Shares of Barracuda Networks (NYSE: CUDA) have fallen more than 60% over the past 12 months due to slowing subscriber growth and concerns about competition in the security and storage appliance market. Will the beaten down cybersecurity player bounce back later this year? Let's take a closer look at its business, its competition, and valuations to decide.

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What does Barracuda Networks do?
Barracuda's security business offers email and web filters, a next-gen firewall, application and network security solutions, remote access, and application delivery controllers. Its storage business contains data protection products for backing up and archiving data. Many of these products and services connect to its subscription-based cloud services.

The company's main competitors include next-gen firewall leader Palo Alto Networks (NYSE:PANW) and web app firewall vendor Imperva (NYSE: IMPV). Barracuda is much smaller than both rivals, and it could be lost in the shuffle as those bigger players expand and larger cloud-based IT players like IBM upgrade their security solutions.

How bad is the slowdown?
Palo Alto continues pumping out over 50% sales growth every quarter, while Imperva's sales have been rising at over 40%, but Barracuda's growth has clearly slowed down over the past year. Total sales rose 13.8% annually to $80.1 million last quarter, missing estimates by $0.2 million.


4 quarters ago

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YOY sales growth. Source: Quarterly reports.

Barracuda's billings fell 3% annually last quarter as subscriber renewal rates declined to 87% -- down from 95% in the previous quarter, and representing its lowest renewal rate since its IPO in 2013. That's bad news, since subscription revenue, which rose 17.5% during the quarter, accounted for 73% of the company's top line. For the current quarter, Barracuda expects revenue to rise just 10.8% to 13.6%.

A slow shift toward the cloud
During last quarter's conference call (as transcribed by Thomson Reuters), CEO BJ Jenkins stated that "the shift from traditional and solely on-premise IT solution deployments to hybrid, public cloud, and managed service solutions (was) accelerating faster than we expected." That shift expanded dollar-weighted sales cycles by "25% globally," caused customers to sign "one year renewals instead of multi-year engagements," and caused sales of physical appliances to drop "as more customers chose virtual appliances, cloud, and MSP-based deployments."

Simply put, Barracuda's shift from an on-premise player to a hybrid and cloud-based one hasn't gone smoothly at all. Jenkins claims that Barracuda's virtual and cloud business is growing "nearly 40%" annually, but that growth was still offset by weaker demand for its on-premise physical appliances. Barracuda acquired cloud backup firm Intronis last year to accelerate its cloud-based growth, but it might need to make more acquisitions or divestments to speed up that process.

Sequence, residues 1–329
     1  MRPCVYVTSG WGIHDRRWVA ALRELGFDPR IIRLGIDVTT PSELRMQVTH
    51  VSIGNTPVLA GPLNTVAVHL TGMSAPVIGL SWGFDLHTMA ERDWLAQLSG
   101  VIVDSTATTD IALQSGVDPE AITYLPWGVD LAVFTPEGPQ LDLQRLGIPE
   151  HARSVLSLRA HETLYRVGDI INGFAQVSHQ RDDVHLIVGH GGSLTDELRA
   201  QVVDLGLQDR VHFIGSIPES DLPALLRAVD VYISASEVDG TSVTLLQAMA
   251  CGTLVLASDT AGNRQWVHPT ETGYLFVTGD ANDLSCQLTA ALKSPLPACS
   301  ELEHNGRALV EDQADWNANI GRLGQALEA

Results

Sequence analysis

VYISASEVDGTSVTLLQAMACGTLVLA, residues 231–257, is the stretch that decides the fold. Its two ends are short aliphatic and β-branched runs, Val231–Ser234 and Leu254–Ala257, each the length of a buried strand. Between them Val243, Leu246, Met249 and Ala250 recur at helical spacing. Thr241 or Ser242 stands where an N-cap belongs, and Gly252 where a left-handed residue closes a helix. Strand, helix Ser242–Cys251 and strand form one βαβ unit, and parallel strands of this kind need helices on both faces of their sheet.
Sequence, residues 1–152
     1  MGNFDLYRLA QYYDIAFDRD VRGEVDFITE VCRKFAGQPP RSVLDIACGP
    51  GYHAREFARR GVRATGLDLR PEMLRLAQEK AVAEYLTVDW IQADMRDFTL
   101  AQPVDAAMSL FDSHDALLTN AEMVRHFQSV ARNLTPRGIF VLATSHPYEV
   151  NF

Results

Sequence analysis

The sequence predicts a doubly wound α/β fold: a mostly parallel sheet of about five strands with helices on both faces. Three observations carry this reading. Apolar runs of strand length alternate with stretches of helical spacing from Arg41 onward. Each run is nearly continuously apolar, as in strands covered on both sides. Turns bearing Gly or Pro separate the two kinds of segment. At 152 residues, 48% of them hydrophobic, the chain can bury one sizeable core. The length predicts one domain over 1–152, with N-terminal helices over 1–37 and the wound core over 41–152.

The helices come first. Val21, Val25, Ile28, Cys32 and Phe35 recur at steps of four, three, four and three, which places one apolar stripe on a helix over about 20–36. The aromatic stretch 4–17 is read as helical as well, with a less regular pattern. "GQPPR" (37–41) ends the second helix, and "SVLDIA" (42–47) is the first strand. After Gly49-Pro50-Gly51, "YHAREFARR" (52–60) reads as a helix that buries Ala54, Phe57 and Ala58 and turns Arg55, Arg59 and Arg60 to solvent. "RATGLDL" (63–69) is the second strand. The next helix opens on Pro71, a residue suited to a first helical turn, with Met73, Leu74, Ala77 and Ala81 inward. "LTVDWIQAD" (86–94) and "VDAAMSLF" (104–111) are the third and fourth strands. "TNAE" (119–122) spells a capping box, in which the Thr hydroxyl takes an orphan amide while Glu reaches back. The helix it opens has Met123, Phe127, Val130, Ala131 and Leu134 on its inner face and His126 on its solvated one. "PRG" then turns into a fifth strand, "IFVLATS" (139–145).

Earnings and valuations
Last quarter, Barracuda's non-GAAP net income rose 25% annually to $4 million, or $0.07 per share, which missed estimates by a penny. Adjusted EBITDA plunged 45% to $10.6 million, while operating expenses jumped 21% to $70 million. Like many other cybersecurity players, Barracuda remains unprofitable on a GAAP-adjusted basis.

Barracuda currently trades at 2.7 times trailing sales. That's much lower than Palo Alto and Imperva's respective P/E ratios of 10.8 and 6.5. Therefore, Barracuda can be considered a "cheaper" stock, but having lower multiples in a sector filled with high-growth companies could make it a less desirable investment. As a smaller player in danger of falling behind the tech curve, Barracuda is also arguably a riskier investment than bigger companies like Palo Alto and Imperva.

Back in February, Bloomberg reported that Barracuda was interested in selling itself. That news helped the stock rebound about 50% from its 52-week low, but the stock remains sharply down for the full year. Bloomberg's sources warned that "the company's struggles may further impede a deal," since "valuation expectations between potential acquirers and Barracuda have widened."

The verdict: Barracuda will sink
Looking ahead, Barracuda will likely be marginalized by bigger cloud-based rivals and larger IT companies, which will result in declines in billings and a loss of subscribers. The company's management seems to realize this, and hopes that its lower overall valuation will attract potential buyers. But if suitors don't emerge, the stock will likely give up its buyout rumor-fueled gains and resume its decline for the rest of the year.


This article represents the opinion of the writer, who may disagree with the “official” recommendation position of a Motley Fool premium advisory service. We’re motley! Questioning an investing thesis -- even one of our own -- helps us all think critically about investing and make decisions that help us become smarter, happier, and richer.